I knew I wanted a new camera body, but didn't know enough about the different models to choose one.  But, I did know enough about the lenses to know that EF mount worked on any camera, and EF-S did not.  I chose to only buy EF lenses because they worked on all camera bodies.  

 

After buying a couple of EF mount lenses, I noticed that they seemed to be better built than EF-S lenses.  Although, the EF-S 10-22mm f/3.5-4.5 is a definite exception to that observation.

I assembled my lens bag one lens at a time.  I have not seen a new EF mount lens from Canon, which was not an "L" series lens, in a couple of years.  Most EF lenses are quite older designs, most of which are outperformed by EF-S "STM" lenses.  I figured that if I wanted EF mount lenses, then they would have to be "L" lenses.

---------------------------------------------

I am certain that the T6 can produce pretty good images.  I know my T5 can produce high quality images when used with high quality lenses.

 

Why do you think you need a new lens?  What need is the Sigma 18-200 fulfilling?  What do you gain with the 18-200mm?

 

[EDIT]. I'm not asking these questions because I want to know the answers, as much as you should be asking yourself these question.

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"I don't rent software. I use Photoshop CS6, ACR 9.8 and Lightroom 6.8 ."
Esteemed Contributor
Posts: 3,093
Registered: ‎06-11-2013

Re: First third-party lens

It's more difficult to achieve good optics when the glass elements have a physically larger diameter.  In other words it's possible to create high quality optics in a smaller size for less money.  But the catch is that the image circle being projected isn't big enough to cover the size of a full frame sensor.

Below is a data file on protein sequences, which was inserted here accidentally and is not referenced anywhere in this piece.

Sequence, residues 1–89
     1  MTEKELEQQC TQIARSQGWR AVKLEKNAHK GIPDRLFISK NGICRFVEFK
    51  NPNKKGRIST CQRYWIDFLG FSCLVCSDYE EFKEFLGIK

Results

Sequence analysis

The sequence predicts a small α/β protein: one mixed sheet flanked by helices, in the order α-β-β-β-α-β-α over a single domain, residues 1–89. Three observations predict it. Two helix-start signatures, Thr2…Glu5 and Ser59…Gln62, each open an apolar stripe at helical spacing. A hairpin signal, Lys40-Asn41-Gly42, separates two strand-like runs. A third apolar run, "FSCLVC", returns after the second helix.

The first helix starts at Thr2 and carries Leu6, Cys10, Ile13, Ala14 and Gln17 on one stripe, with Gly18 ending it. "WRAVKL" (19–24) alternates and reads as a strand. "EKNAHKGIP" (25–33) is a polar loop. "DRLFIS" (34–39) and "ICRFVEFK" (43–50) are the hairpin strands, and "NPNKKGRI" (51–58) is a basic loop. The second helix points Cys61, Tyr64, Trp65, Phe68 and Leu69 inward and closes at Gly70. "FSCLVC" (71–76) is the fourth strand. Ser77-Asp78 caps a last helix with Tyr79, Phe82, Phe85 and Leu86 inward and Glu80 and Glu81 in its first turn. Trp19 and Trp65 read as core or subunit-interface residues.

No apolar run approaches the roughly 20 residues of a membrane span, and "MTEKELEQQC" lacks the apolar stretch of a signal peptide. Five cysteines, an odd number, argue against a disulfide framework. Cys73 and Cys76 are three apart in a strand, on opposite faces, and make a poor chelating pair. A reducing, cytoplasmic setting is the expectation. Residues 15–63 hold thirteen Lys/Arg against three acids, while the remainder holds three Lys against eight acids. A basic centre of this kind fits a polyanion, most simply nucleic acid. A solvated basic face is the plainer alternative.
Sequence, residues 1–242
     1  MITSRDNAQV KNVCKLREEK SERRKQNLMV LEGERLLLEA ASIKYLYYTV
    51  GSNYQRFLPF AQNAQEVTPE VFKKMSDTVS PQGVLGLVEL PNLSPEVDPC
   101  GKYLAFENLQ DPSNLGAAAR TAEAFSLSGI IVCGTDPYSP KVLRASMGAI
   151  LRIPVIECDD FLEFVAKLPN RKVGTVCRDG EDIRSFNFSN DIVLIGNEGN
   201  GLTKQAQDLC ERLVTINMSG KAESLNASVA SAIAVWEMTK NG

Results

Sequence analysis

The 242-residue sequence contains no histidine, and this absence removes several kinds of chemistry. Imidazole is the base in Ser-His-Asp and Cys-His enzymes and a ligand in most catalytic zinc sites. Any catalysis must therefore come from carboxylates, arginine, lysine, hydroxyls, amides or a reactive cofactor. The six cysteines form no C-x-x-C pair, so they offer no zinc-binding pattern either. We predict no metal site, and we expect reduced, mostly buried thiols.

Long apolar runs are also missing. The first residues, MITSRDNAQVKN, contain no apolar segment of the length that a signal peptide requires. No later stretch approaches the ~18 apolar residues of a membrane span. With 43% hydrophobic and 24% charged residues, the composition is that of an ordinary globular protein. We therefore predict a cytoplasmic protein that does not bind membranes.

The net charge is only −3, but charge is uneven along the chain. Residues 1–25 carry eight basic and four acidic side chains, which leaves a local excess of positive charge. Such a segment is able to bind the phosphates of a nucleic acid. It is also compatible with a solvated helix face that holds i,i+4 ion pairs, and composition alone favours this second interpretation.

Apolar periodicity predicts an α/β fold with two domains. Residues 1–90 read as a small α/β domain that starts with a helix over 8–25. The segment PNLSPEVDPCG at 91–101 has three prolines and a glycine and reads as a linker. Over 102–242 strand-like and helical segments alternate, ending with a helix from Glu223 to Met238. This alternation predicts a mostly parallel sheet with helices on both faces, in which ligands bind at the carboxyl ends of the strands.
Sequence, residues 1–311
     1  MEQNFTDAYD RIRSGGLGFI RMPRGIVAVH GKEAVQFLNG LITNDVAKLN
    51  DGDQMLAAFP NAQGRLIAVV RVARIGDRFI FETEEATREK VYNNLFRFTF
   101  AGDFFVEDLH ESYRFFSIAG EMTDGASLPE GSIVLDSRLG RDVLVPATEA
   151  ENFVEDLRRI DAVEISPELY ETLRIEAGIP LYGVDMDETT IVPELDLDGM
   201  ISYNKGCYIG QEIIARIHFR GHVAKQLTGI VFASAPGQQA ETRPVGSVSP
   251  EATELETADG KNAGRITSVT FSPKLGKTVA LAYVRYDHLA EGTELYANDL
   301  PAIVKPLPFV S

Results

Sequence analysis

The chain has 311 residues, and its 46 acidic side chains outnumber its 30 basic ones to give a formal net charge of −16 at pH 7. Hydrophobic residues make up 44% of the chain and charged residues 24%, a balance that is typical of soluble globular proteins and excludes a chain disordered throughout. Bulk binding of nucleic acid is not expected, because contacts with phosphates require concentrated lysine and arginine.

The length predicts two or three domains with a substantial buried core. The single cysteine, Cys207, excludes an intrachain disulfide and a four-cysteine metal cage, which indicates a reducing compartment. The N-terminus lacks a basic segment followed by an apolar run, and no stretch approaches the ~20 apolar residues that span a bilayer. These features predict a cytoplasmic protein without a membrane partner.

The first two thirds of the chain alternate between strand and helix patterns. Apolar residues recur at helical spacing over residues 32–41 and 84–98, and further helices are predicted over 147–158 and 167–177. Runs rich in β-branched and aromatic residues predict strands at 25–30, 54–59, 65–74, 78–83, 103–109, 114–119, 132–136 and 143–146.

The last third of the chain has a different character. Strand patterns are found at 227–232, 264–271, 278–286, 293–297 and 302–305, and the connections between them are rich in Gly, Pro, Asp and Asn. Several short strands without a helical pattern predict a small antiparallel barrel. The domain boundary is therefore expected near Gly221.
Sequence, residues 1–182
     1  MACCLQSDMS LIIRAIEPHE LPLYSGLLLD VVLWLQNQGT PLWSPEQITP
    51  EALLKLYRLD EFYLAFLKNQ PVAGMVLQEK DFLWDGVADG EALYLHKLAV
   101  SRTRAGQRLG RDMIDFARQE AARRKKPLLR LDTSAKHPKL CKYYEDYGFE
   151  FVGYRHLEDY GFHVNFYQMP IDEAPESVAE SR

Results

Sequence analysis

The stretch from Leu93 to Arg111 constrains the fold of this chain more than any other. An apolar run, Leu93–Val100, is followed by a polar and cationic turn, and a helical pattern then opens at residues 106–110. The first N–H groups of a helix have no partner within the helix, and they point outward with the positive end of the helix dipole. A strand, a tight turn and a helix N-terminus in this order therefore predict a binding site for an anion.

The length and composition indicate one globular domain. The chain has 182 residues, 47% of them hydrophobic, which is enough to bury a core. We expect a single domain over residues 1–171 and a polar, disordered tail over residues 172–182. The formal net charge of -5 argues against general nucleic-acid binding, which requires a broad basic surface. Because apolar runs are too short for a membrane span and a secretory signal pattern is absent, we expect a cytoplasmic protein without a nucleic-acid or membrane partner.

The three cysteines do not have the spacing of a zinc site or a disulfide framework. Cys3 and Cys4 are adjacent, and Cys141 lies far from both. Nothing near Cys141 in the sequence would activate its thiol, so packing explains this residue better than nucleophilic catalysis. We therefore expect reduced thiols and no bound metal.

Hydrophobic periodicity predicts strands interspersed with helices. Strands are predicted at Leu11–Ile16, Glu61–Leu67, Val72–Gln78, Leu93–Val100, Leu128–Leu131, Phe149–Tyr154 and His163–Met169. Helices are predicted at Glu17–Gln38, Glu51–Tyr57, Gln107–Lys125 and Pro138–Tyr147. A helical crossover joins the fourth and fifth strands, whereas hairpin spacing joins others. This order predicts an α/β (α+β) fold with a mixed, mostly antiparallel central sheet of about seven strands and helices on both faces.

So there's certainly a cost advantage of the EF-S lenses.  But beyond this, there are some EF-S lenses that are designed with affordability in mind.  However, there are are some lenses that are fairly impressive.

 

Originally the great EF-S lenses were the 17-55mm f/2.8, the 10-22mm and the 60mm macro.

 

But recently, Canon redesigned a few lenses and is now offering them with the "STM" focus motors.  All the EF-S lenses with "STM" motors also have redesigned optics and they're all significantly improved over their predecessors.

 

The zoom lenses, however, have different focal length ranges based on the sensor sizes.  For example, the EF-S 10-22mm on a Canon APS-C sensor body is actually the equivalent of the EF 16-35mm when used on a full-frame sensor body ... that is to say both lenses actually provide the same "angle of view".  

 

When the focal length of a lens exactly matches the diagonal measure of the imaging sensor then that lens would offer a 1.0x magnification.  For an APS-C camera that's about 27mm.  For a full-frame camera that's about 43mm.  Nobody actually makes a 27mm or 43mm lens.  So for an APS-C camera, the 28mm lens is about as close as it gets and for a full-frame camera the 50mm lens is considered the "normal" focal length (also the 40mm pancake lens is pretty close.)

 

If you were to use the EF 24-105mm (a lens designed for full-frame sensor cameras but will work on any Canon EOS camera) then you'll find the lens has almost no wide-angle (24mm is too close to 27mm) so it's pretty much a "normal" focal length through telephoto.  For the EF-S lenses the low end is commonly around 18mm on most general purpose zooms (although you can get wider lenses.)

 

Most general-purpose lenses (aka "standard zoom") offer a bit in the wide-angle direction as well as a bit in the narrow angle direction.

Tim Campbell
5D III, 5D IV, 60Da
Esteemed Contributor
Posts: 3,736
Registered: ‎06-25-2014

Re: First third-party lens


TCampbell wrote:

It's more difficult to achieve good optics when the glass elements have a physically larger diameter.  In other words it's possible to create high quality optics in a smaller size for less money.  But the catch is that the image circle being projected isn't big enough to cover the size of a full frame sensor.

 

So there's certainly a cost advantage of the EF-S lenses.  But beyond this, there are some EF-S lenses that are designed with affordability in mind.  However, there are are some lenses that are fairly impressive.

 

Originally the great EF-S lenses were the 17-55mm f/2.8, the 10-22mm and the 60mm macro.